Publication Date: October 20, 2020
For several years, Mark Hage has been observing the shuttering of small and iconic retail spaces in New York City. “At first, and perhaps out of discomfort, I walked by thinking of them as surface, without seeking depth or further understanding. But with time, I started to look inside, lingered, and began to take photographs of the worlds within.” Capital reframes the story of gentrification in a meditation on vestiges and accidental composition. An elegy to a changing city becomes an homage to the anonymous hands that built it.
Mark Hage, long based in New York’s SoHo neighborhood, has taught at Parsons, Harvard, and Yale on the narratives of form and structure from ancient times to the present. His work has appeared in NOON and A Public Space, where he is a contributing editor.
“Each rectangle is its own poem. If I were teaching painting, I would use Capital as a textbook.”
—Anne Elliott, author of The Artstars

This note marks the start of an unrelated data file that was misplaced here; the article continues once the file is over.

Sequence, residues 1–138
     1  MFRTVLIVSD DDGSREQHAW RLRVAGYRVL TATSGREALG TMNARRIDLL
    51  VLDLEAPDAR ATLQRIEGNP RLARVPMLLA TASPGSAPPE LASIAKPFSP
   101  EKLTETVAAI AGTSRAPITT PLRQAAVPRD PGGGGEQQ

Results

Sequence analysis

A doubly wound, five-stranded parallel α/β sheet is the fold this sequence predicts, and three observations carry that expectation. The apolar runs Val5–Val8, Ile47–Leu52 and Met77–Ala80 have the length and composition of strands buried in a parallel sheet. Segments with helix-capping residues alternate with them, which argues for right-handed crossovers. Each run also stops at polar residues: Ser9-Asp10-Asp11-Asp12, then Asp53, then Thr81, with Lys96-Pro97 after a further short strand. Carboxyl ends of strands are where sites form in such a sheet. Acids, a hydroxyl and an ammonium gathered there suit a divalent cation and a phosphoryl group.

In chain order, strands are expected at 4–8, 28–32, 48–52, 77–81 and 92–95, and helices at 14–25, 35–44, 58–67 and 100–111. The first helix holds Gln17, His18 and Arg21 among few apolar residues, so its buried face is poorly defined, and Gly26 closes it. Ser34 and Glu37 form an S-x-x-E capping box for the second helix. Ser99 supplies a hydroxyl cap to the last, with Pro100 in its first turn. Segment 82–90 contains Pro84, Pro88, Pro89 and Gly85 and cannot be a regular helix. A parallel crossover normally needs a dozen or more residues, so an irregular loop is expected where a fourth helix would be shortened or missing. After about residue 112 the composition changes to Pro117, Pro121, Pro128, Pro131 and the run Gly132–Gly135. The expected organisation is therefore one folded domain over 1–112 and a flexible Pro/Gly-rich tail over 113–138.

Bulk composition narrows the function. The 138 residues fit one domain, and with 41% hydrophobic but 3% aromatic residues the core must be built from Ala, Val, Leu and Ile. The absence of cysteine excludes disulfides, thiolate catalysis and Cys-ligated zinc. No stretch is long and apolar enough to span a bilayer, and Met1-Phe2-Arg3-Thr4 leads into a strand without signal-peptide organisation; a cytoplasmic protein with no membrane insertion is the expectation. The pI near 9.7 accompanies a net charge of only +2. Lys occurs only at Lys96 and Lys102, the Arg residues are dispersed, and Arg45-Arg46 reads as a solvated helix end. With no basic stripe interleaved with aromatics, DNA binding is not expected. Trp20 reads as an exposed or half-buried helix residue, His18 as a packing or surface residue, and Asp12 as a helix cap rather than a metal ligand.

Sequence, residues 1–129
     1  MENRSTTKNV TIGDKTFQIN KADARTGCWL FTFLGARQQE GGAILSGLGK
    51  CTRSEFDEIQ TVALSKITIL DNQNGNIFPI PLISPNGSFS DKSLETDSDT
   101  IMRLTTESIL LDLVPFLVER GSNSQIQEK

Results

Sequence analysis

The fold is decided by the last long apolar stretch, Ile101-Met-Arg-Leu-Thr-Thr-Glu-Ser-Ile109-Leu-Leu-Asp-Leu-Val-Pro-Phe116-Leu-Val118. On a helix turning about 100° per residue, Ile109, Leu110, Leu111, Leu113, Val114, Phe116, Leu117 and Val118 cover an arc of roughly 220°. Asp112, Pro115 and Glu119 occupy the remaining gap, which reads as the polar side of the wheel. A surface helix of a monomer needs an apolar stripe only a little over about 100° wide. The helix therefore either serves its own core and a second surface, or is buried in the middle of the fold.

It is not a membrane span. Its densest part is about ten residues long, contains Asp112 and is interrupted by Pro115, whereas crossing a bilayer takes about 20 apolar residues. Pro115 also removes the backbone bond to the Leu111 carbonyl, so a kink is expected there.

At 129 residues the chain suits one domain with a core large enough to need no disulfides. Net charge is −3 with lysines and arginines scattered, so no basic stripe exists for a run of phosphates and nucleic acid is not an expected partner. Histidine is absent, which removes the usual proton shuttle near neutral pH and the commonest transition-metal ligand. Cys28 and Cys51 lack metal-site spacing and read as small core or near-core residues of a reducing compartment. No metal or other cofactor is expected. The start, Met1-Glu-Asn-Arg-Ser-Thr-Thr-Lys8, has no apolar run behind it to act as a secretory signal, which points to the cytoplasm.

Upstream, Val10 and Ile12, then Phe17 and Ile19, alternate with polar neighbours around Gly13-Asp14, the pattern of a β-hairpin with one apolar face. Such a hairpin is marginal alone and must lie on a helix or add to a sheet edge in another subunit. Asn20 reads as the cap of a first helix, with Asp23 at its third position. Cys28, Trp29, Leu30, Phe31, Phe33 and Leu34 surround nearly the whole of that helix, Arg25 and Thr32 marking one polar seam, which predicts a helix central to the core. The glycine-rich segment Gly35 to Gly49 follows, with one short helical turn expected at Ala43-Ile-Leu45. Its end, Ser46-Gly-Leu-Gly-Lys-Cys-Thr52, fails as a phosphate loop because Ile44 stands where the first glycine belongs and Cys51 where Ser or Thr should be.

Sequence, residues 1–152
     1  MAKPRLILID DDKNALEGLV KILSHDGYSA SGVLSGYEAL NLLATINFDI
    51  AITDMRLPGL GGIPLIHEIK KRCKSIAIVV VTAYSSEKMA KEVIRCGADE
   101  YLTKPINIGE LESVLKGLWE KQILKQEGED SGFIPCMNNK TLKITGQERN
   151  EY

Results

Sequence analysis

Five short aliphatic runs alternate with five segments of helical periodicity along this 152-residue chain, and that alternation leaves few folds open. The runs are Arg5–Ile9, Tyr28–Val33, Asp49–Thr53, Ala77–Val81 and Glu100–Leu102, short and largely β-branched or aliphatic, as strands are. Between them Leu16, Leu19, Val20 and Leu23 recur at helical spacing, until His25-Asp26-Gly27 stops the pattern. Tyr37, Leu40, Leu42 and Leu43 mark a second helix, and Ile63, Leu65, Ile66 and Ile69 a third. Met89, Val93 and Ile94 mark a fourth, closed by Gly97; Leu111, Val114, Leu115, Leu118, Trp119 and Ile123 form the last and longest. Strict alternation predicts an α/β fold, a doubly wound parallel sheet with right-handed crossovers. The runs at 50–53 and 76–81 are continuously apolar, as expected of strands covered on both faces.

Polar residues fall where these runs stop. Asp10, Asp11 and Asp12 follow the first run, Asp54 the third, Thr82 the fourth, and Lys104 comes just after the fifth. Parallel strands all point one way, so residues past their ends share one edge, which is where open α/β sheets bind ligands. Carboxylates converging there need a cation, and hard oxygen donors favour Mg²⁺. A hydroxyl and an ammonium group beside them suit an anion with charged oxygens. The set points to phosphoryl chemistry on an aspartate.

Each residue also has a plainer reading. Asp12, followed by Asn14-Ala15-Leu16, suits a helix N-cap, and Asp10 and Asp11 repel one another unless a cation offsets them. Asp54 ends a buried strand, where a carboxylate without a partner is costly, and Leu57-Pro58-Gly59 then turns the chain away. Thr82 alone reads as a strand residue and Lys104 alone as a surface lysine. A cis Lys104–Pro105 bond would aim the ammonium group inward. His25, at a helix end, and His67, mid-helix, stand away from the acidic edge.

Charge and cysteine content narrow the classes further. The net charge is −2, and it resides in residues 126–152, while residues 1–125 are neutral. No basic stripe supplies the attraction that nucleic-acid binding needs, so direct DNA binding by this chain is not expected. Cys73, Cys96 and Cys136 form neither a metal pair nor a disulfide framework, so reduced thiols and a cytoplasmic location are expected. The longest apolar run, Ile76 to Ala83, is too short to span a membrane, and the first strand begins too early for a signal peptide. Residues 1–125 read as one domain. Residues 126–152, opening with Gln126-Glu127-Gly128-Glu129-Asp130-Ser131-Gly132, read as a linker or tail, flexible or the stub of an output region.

“Hage’s own design sense is exquisite: walls of color or lines or blotches, depths of field extending into unlit edges, snaking wires and interior transom windows, all framed to locate the viewer as the sole observer, the watchperson, watching for the next moves of capital.”
—Ron Slate, On the Seawall
“A basic rule for living in a space is that you don’t fill every corner. It is the empty, the negative space, that gives relief to what occupies.”
—Mark Hage, Lit Hub, “The Private Lives of Shuttered Stores”
“As rents and demand, profit and loss, do their dance, hooks and plaster, paint and particleboard register the churn ... Capital is a compendium [of] behind plate glass, and an act of ‘bereavement for a city rapidly becoming something else.’”